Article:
Food Grows Where Water Flows

For more than 25 years, the California Farm Water Coalition has been working with our members to share information about farm water issues, and reminding Californians that "Food Grows Where Water Flows."

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Statement by the California Farm Water Coalition on Upcoming State Water Board Action That Will Cut Water Supplies to Thousands of Farms

Released: August 2, 2021

“It is unbelievable that just two short years after our reservoirs were largely full, California is so water short that the State Water Resources Control Board is seriously considering completely eliminating water supplies for thousands of family farms throughout the Central Valley. Those families grow the safe, healthy food California families depend upon and these water supply cuts come right before the harvest season.
 
“Drought conditions are significant this year, however, we can’t ignore our state and federal leaders’ failure to meaningfully prepare for this drought. Science told us this pattern was inevitable, and those same experts insist it will become more frequent as a result of our changing climate.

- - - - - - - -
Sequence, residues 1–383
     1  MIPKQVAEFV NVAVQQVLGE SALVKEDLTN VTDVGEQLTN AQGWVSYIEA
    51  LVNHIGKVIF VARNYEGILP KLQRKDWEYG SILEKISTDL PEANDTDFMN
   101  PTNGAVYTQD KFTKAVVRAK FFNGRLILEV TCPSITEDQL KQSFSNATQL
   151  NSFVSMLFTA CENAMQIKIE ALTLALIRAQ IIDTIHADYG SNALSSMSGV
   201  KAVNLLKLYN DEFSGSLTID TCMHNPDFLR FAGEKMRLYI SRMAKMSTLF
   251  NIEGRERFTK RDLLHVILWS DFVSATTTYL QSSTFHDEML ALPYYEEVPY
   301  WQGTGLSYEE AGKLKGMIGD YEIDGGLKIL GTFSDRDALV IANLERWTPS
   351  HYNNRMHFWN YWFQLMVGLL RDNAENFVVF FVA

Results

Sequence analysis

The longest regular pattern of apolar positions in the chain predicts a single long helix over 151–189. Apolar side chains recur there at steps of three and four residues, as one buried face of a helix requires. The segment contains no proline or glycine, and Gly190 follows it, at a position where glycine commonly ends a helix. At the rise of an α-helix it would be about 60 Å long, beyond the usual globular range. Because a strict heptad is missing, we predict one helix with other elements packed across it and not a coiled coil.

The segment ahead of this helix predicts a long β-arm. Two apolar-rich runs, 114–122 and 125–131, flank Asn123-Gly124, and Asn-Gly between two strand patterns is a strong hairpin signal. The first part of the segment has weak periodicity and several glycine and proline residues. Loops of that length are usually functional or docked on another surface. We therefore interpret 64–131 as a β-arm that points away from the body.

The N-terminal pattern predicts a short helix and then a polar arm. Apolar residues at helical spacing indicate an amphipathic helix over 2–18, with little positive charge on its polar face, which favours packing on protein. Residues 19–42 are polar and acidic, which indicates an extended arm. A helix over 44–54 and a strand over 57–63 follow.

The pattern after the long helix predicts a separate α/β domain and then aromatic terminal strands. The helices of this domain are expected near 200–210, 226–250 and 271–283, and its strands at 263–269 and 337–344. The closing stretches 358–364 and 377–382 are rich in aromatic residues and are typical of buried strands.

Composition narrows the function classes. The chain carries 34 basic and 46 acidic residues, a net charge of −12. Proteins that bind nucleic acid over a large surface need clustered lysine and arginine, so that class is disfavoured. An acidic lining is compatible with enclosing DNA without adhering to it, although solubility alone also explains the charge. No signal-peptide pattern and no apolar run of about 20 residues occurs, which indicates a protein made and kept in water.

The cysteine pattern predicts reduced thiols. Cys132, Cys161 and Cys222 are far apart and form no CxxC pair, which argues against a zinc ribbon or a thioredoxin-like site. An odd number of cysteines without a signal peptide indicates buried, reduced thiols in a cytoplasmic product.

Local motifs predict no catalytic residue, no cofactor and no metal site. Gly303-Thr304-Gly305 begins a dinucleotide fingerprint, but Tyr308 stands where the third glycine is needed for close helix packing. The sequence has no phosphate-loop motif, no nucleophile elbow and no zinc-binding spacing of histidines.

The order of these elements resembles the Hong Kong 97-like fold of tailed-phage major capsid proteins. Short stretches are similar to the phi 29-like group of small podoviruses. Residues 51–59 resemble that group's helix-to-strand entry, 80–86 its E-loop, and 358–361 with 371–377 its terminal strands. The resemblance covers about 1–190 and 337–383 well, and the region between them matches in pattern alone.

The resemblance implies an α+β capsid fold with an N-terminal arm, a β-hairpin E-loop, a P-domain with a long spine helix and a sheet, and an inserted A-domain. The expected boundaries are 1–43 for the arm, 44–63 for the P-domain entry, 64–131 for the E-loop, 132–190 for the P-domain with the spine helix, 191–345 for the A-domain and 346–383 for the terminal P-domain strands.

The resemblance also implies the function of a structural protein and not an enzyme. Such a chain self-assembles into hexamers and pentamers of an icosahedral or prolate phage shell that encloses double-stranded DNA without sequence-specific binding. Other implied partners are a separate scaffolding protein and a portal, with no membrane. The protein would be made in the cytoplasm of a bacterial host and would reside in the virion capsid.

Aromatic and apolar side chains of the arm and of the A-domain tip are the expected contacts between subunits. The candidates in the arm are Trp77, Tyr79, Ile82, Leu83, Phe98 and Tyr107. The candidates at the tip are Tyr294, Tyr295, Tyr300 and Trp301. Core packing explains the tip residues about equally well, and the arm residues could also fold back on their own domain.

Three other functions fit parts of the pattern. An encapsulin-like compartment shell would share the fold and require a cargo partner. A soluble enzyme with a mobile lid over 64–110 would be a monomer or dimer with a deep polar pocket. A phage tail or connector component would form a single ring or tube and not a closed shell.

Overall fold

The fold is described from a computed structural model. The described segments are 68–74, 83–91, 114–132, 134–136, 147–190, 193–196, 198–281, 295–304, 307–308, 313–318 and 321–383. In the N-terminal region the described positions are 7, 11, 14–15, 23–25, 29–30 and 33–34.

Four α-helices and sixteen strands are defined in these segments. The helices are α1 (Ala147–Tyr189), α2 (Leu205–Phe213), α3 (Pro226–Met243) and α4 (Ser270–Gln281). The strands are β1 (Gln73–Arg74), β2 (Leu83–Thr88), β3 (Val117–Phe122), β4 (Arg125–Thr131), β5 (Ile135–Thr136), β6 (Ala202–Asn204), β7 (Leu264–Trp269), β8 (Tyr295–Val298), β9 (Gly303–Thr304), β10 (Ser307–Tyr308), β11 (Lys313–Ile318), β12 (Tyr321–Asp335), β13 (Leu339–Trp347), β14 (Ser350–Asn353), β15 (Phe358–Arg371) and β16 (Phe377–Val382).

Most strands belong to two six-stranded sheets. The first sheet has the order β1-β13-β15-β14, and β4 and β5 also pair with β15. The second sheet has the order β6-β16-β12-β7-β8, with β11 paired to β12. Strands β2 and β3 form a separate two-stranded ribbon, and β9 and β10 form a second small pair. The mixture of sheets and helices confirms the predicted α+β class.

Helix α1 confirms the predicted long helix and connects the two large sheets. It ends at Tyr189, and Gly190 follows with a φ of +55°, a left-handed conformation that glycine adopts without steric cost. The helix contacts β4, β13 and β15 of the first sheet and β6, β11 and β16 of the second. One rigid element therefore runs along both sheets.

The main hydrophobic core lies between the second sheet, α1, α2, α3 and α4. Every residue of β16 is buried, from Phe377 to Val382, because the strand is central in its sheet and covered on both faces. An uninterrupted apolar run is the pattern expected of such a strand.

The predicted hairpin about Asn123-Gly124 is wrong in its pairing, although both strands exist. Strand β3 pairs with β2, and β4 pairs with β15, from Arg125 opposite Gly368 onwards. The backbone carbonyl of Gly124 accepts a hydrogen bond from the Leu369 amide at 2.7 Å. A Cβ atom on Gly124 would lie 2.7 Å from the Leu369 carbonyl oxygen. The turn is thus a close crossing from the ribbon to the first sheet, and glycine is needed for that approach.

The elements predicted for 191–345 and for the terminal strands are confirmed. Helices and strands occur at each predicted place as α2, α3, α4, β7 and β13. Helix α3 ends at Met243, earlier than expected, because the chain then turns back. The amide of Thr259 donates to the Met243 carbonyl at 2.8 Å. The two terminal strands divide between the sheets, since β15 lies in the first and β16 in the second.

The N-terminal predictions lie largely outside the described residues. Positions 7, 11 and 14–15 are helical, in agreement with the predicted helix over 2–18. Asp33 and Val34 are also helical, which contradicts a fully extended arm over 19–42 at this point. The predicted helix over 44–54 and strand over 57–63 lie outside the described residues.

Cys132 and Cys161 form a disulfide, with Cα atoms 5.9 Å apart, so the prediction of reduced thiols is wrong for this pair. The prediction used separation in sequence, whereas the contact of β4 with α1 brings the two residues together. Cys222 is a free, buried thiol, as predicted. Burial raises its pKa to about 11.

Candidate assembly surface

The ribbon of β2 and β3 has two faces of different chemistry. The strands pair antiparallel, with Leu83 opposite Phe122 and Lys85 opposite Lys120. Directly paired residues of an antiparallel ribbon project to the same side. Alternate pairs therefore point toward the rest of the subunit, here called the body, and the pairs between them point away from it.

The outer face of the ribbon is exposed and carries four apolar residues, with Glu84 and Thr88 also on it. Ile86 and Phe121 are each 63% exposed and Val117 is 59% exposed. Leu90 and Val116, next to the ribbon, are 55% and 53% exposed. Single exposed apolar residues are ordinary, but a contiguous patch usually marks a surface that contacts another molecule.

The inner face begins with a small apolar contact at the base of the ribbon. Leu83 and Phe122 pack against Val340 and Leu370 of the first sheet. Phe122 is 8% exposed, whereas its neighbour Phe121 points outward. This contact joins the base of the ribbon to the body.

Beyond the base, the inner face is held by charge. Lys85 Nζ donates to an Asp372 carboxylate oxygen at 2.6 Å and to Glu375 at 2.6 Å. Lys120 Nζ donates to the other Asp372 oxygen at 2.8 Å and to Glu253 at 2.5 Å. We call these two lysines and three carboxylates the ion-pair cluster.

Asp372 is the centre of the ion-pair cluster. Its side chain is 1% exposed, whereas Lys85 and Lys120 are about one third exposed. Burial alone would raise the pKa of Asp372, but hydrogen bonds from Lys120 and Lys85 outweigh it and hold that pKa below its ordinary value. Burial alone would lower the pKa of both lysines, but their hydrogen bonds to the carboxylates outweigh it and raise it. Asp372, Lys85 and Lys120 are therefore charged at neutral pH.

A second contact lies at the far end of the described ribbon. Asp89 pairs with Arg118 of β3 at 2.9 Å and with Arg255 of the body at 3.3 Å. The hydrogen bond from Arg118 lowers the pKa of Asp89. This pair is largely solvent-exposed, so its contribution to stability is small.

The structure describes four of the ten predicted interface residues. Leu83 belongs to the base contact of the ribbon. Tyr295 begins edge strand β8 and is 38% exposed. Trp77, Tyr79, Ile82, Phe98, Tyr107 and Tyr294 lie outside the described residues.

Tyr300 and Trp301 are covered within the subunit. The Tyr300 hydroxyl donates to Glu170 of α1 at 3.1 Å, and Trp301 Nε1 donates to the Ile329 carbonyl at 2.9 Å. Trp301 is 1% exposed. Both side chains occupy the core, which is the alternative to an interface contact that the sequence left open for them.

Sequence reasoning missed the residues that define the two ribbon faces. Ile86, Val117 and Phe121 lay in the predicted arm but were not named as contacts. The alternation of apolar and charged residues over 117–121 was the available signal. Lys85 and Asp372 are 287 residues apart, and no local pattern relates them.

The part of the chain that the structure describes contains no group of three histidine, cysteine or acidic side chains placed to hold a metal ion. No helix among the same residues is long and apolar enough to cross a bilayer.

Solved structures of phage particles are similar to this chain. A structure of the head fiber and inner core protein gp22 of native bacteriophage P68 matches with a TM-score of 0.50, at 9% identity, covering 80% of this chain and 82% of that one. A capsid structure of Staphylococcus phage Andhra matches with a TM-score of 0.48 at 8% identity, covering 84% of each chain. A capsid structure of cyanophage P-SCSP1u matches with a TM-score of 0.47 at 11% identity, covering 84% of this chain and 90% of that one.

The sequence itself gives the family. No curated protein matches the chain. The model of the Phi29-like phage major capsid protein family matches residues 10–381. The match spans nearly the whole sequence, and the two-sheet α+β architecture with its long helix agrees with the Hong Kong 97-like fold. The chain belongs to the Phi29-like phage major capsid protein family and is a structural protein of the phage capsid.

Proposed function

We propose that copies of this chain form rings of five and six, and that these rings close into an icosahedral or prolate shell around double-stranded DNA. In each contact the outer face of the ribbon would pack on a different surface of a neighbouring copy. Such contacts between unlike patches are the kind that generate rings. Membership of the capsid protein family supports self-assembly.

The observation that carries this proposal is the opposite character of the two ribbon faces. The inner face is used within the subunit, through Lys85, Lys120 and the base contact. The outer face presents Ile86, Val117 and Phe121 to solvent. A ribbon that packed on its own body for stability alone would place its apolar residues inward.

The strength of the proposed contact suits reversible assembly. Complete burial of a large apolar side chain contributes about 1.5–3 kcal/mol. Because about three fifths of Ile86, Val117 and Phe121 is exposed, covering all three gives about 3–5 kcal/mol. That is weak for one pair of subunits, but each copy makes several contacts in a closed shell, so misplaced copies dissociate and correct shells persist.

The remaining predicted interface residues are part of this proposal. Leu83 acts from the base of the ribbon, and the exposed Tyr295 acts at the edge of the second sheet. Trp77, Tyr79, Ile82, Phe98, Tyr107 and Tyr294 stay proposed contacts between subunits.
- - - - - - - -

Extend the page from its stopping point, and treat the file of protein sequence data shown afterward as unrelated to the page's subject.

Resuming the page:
“During California’s six-year drought, from 1987 to 1992, farm water allocations never fell below 25 percent. When the next drought came along, from 2012-2016, water supplies were cut to zero for more than a million acres of farmland, starting in just the second year of a five-year drought.
 
“Our water system is so stressed that the State Water Resources Control Board’s upcoming action on August 3 could completely eliminate surface water supplies for farms in much of the state.
 
“Drought years like this reveal the weaknesses in our water supply system. California’s climate is now punctuated by wetter wet years and drier dry ones. We’ve known for years that we need to increase our ability to capture water during the wet years so it is available when dry years return, as well as increase recycling, fix our aging infrastructure and provide for habitat restoration.
 
“Immediate federal and State infrastructure investments are needed to stop California’s continued spiral into perennial water shortages and situations that force Californians to choose water winners and losers.”
 
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